Vermont Republican Governor Phil Scott called a special session of the state legislature to begin today. It comes after he promised to veto the budget and property tax bills presented to him, although he has yet to officially veto the fiscal plans. On Tuesday, he nixed a number of other bills, including one that would raise the minimum wage, and a paid family leave measure. Vermont Senate Pro-Tem Democrat/Progressive Tim Ashe says that move was an example of continued frustration the legislature has with the administration.
“With this administration it’s hard because they usually do not weigh in on any legislation except in the vaguest terms, usually through press releases and press statements. So we were hopeful that the Governor, who frequently wheels out the slogan of affordability which has been used now by four consecutive governor, that he would include in that emphasis affordability for tens of thousands of low wage workers. What we’ve found is that the Governor’s affordability should and will ring hollow with tens of thousands of people whose wages will now be stuck at poverty levels.”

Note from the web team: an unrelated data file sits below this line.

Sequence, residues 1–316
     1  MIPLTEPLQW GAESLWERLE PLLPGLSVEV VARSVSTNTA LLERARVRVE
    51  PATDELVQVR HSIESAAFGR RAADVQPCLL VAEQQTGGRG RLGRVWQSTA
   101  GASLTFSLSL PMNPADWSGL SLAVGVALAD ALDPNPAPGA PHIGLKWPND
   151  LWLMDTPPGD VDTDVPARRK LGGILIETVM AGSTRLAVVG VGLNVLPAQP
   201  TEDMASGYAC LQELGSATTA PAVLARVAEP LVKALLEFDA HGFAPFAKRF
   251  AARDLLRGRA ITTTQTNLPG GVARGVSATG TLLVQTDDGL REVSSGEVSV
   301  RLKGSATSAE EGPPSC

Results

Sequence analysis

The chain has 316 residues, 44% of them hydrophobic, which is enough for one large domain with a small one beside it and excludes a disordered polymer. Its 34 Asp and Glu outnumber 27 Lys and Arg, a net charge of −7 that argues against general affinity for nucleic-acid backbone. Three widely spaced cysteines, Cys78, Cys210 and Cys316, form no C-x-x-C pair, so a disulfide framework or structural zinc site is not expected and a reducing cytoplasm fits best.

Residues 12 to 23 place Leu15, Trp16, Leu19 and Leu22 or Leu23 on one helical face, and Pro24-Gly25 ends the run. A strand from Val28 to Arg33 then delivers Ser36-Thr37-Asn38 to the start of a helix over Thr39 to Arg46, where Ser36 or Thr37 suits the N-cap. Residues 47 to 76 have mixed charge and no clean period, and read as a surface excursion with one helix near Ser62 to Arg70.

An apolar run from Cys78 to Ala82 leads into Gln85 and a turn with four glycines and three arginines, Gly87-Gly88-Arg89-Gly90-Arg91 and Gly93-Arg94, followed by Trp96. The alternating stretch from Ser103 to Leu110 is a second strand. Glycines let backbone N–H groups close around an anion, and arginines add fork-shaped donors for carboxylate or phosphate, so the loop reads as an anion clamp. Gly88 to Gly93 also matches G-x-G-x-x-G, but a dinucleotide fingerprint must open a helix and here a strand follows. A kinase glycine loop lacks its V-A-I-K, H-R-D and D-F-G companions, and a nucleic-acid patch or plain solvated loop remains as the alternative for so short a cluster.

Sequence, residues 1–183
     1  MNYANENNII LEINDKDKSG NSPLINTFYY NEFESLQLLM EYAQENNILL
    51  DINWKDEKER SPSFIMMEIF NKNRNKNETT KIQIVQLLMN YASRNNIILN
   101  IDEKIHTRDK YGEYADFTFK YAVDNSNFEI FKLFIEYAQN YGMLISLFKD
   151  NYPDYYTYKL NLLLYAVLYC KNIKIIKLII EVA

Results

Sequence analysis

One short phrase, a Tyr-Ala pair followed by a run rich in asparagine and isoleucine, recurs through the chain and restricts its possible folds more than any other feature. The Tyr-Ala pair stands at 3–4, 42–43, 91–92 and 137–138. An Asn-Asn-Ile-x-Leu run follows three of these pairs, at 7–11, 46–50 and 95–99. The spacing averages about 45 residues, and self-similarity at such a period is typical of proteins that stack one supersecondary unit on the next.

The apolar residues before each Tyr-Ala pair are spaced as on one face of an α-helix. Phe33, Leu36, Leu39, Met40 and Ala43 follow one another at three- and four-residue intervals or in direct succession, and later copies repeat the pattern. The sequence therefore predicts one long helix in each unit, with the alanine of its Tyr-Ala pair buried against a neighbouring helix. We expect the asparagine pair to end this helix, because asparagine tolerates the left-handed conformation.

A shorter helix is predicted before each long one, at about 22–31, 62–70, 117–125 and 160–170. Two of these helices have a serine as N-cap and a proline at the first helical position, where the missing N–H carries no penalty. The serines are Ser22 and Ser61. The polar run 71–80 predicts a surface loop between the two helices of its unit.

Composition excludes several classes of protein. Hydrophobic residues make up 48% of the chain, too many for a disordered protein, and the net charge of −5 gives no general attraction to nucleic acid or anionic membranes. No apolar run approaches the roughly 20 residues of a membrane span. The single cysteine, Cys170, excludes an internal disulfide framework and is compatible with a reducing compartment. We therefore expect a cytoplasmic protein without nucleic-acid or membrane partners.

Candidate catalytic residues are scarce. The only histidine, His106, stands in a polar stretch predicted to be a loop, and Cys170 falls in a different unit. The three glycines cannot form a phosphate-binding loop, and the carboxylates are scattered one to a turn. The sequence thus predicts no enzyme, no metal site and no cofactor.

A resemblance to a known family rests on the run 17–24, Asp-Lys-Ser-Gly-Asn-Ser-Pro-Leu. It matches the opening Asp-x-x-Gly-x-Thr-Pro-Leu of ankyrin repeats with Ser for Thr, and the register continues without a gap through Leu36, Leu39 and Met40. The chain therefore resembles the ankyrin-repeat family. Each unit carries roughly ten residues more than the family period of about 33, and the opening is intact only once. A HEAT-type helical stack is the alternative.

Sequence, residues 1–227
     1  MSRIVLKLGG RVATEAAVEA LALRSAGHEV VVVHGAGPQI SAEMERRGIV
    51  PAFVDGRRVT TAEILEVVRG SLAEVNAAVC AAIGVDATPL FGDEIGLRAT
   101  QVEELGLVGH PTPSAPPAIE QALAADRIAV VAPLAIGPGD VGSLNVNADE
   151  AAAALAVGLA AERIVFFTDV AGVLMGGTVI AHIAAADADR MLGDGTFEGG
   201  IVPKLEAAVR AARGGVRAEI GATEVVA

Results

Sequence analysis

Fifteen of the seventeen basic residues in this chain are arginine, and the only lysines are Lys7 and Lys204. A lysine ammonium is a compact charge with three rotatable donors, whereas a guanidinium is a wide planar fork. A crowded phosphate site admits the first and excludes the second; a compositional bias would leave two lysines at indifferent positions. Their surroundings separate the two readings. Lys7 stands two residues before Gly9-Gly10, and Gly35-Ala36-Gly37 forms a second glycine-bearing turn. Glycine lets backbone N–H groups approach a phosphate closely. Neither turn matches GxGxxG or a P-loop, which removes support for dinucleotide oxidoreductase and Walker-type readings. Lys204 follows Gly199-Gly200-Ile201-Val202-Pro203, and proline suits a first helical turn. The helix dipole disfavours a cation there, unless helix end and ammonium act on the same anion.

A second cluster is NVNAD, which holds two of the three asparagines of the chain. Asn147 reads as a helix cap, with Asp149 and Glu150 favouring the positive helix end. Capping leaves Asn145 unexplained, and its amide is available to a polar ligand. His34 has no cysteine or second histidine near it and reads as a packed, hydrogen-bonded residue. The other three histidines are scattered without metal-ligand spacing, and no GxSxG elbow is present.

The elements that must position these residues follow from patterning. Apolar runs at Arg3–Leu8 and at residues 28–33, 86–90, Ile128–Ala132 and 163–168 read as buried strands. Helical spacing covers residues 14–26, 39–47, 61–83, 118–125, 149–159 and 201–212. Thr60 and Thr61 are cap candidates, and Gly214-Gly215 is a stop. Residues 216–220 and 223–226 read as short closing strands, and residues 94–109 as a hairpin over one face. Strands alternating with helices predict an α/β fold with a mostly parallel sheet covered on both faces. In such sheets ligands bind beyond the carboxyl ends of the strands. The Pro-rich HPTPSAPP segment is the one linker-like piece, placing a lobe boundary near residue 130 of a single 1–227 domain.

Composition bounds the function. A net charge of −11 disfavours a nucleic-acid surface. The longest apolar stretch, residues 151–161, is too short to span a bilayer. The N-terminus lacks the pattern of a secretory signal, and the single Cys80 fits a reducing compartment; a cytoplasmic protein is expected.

Question: “With the governor vetoing these two bills – which some folks would consider money bills because they do affect the economy – how much of a bellwether are those vetoes for the budget and property tax bills and any action during the special session on those items?”
Ashe: “Well it’s the governor has made no secret of his intent to veto the budget and tax bill although as we’ve discussed they were passed unanimously or nearly unanimously in the Senate in each instance. So it really is a sign that the Scott Administration is becoming much more ideological, moving more and more to a more classic playbook that is used by conservative governors throughout the country.”
The Vermont House gaveled into the special session Wednesday morning, took roll call to assure a quorum, introduced eight bills and adjourned until Tuesday. Committee work will continue in the interim.